Other opportunities for selective automation involve the automatic collection of mission-critical data, including IoT devices such as sensors. Collecting data throughout the manufacturing supply chain helps partners and vendors work together more harmoniously together and zero in on bottlenecks which threaten productivity and profitability.

Step Up Civic Participation and Support Programs That Reward Innovation

The policies of the current U.S. administration is starkly at odds with their stated goals. The slashing of regulations and government involvement in industry was an early and often-repeated promise of candidate (and now president) Trump. But that promise of unbridled innovation and economic progress, according to a consortium of high-tech companies, is under direct threat from the administration’s recent budget proposals.

The White House has proposed either dramatic cuts or the wholesale removal of several programs of major importance to U.S. manufacturing growth. These include the Manufacturing Extension Partnership, “Manufacturing USA,” as well as the DoE’s “ARPA-E” program. These programs, some of which have been around for 30 years, are allied to forward-thinking manufacturing and technology companies pursuing newer, cleaner and more efficient technologies. The Information Technology & Innovation Foundation finds that these cuts:

“…would undermine America’s long-term growth prospects by slashing investments that are critical to the country’s innovative capacity … especially when it comes to areas ranging from scientific and engineering research to workforce education and skills … congressional leaders should declare the proposal ‘dead on arrival.'”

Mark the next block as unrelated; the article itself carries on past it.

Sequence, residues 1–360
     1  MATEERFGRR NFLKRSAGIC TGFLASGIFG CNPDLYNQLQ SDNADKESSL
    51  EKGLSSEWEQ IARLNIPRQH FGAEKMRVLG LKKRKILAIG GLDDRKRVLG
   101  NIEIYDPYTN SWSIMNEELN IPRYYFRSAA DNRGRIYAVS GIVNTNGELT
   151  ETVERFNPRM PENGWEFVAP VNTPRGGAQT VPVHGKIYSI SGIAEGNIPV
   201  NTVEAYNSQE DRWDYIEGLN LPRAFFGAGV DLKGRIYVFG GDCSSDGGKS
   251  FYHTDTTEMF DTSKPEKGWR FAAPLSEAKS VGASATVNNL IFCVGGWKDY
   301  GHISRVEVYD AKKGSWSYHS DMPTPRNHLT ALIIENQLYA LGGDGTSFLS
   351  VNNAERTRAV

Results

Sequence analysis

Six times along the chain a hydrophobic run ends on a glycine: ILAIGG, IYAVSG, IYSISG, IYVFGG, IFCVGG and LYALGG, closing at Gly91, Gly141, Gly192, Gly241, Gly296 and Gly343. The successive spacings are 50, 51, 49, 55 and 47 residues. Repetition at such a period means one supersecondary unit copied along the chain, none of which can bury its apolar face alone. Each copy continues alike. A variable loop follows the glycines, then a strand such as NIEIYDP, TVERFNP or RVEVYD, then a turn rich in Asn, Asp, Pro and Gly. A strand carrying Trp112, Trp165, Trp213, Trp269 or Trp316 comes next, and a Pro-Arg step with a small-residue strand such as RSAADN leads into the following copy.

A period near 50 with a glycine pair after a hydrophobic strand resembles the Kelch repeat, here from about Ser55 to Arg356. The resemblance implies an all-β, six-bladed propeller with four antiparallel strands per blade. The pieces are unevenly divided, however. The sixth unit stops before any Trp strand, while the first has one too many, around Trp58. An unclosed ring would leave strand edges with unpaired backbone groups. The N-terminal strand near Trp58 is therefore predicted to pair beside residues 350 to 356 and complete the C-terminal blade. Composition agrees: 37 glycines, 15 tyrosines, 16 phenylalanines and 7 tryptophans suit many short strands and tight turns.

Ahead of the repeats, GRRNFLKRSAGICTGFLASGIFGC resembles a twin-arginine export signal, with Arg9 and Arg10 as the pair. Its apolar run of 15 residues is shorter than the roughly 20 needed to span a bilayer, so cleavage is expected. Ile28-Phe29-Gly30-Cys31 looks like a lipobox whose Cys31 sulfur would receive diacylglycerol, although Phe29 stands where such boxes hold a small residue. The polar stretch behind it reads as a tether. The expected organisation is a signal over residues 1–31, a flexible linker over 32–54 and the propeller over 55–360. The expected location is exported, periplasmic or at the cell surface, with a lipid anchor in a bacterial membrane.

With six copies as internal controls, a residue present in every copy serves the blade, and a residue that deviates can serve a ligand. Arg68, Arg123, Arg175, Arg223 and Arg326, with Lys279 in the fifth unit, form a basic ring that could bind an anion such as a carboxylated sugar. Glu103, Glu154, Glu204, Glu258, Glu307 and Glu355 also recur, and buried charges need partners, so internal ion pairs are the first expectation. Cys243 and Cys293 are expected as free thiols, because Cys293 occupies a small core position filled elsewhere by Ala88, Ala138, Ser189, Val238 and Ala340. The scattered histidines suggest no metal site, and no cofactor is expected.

If there’s a civic call to action here, it’s to revisit some of our conventional wisdom with respect to how “invisible” the “invisible hand” should be, as well as reshuffle our national priorities to in favour of planning for tomorrow instead of saving pennies today.

Grow the Industry by Growing Your Business

In closing, it’s worth remembering that some of the company-level activities we perform on a daily basis — or fail to — have lasting repercussions for the health of the industry as a whole. In the race for growth, it can be easy to forget the fundamentals, such as building a strong financial foundation, using lead management and customer reactivation strategies, and ensuring talent retention by hiring candidates who represent an excellent cultural fit.

Ultimately, as we’ve seen here, achieving lasting manufacturing sector growth requires strong public and private sector leadership and wise investments in people and technology alike. This is essentially what groups like the World Economic Forum Global Future Council exist to do. All that’s left to do is get your voice and talent in the mix.


Emily Folk is a conservation and sustainability freelance writer. Check out her blog, Conservation Folks, or follow her on Twitter for the latest updates.